Table of Contents

  • KELIDAR

    Mohammad Reza Ghanoonparvar

    (1978-1984), a monumental novel of nearly three thousand pages in five volumes consisting of ten books by Mamud Dawlatābādi (b. 1940), the noted novelist.

  • Kent, Roland Grubb

    Rüdiger Schmitt

    American scholar of Indo-European studies, who specialized also in Old Persian studies. He went to Berlin and Munich universities to continue for two years his classical studies, including (apart from the languages) Greek epigraphy, history, and archeology.

  • KÉPES, GÉZA

    András Bodrogligeti

    (1909-1989), Hungarian poet and translator of Persian poetry. He was the son of a blacksmith and proud of his origins, claiming that the legacy of his father’s craftsmanship as a skilled artisan.

  • KERIYA

    Alain Cariou

    Because of the Chinese government program for urban development, Uighur neighborhoods are consistently demolished to make way for straight avenues and banal, modern buildings.  Moreover, the Chinese government is promoting the migration of Han Chinese.

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  • KERMAN

    Multiple Authors

    province of Iran located between Fars and Sistan va Balučestān; also the name of its principal city and capital.

  • KERMAN i. Geography

    Habib Borjian

    Kerman Province is situated in southeast Iran. It is divided into two distinct macroclimates, sardsir (cold) in the upland north and garmsir (warm) in the lowland south, generally speaking.

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  • KERMAN ii. Historical Geography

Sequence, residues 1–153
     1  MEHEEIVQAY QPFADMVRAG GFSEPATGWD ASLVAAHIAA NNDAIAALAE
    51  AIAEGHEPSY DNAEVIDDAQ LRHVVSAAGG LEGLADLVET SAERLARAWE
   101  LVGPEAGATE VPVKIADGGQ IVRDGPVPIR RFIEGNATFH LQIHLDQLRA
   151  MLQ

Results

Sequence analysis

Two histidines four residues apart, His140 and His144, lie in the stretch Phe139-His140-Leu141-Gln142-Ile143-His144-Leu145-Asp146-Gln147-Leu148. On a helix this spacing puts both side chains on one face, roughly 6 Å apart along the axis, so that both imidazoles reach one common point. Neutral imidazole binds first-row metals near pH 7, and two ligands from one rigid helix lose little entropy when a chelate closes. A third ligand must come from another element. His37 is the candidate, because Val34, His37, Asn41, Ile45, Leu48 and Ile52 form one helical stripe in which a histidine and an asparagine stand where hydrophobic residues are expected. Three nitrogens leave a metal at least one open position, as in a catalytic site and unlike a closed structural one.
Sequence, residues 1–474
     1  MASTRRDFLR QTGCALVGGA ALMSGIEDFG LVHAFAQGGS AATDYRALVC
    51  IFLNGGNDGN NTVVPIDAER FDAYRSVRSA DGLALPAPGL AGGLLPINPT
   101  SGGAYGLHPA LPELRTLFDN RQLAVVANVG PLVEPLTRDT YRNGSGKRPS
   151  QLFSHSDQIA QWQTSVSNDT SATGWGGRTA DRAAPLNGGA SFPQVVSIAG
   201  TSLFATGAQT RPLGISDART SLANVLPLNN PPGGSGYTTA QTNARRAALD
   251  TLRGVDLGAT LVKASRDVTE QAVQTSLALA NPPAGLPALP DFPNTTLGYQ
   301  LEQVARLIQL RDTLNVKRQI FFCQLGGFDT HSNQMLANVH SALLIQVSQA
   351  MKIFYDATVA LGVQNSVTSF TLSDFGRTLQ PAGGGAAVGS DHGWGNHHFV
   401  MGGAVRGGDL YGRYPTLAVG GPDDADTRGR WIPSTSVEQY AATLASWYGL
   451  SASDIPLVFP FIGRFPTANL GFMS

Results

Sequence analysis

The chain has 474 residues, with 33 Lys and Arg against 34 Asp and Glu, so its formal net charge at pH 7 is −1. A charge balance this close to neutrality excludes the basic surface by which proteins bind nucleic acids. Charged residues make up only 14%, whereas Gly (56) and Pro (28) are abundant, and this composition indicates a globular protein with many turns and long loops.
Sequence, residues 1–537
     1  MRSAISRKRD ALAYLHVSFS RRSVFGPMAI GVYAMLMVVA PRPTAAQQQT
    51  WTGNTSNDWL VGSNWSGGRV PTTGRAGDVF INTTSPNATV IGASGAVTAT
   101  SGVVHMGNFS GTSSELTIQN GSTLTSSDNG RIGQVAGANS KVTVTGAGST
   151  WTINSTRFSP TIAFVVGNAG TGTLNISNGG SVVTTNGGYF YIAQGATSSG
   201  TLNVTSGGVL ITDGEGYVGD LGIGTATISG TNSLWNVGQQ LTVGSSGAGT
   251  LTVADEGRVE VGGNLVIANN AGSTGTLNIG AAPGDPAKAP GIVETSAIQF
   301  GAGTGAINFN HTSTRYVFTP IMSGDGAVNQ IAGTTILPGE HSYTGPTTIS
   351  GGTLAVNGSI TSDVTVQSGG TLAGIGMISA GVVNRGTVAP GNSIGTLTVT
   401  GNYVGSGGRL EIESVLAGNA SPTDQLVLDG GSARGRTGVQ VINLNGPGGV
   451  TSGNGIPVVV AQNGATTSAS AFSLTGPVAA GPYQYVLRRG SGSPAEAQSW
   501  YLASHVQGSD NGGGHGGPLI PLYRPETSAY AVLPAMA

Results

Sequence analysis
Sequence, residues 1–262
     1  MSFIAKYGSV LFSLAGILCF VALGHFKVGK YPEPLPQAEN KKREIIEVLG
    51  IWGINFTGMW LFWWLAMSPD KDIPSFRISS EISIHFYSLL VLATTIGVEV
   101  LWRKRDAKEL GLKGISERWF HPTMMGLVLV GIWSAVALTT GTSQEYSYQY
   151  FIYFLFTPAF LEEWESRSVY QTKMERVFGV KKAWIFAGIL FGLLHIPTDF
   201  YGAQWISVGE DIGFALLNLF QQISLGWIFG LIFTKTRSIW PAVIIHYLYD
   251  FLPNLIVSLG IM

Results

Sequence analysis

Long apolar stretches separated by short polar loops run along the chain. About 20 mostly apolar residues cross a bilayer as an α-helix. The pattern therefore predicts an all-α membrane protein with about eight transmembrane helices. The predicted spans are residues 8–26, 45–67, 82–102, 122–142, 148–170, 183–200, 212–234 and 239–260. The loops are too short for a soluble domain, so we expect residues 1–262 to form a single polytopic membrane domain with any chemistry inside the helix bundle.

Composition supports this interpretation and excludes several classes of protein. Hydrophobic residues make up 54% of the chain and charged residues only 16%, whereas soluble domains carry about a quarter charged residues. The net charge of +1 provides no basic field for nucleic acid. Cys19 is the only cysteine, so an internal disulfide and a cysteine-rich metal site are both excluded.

Xavier de Planhol and Bernard Hourcade

    The Kerman basin, in which Kerman City is situated, is located at an elevation of about 1,700 m with land sloping very gently from northwest to southeast.  It is entirely surrounded by a series of high massifs.

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  • KERMAN iii. Population of the province, sub-province, and city

    Ḥabib-Allāh Zanjāni and Moḥammad-Ḥosayn Nejātiān

    In 1956, the total population of the province was around 789,000 persons (of whom, 127,624 then belonged to Bandar Abbas), while in the 2011 population and housing census, it had increased to nearly 2,939,000.

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  • KERMAN v. From the Islamic Conquest to the Coming of the Mongols

    C. Edmund Bosworth

    The Armenian geography written in the second half of the 8th century and traditionally attributed to Moses of Khoren places Kerman in the southern quarter of the Sasanian empire.

  • KERMAN vii. In the Safavid Period

    Rudi Matthee

    Kerman is one of the few places in Iran that had long generated local Persian-language chronicles, and the 17th century was no exception.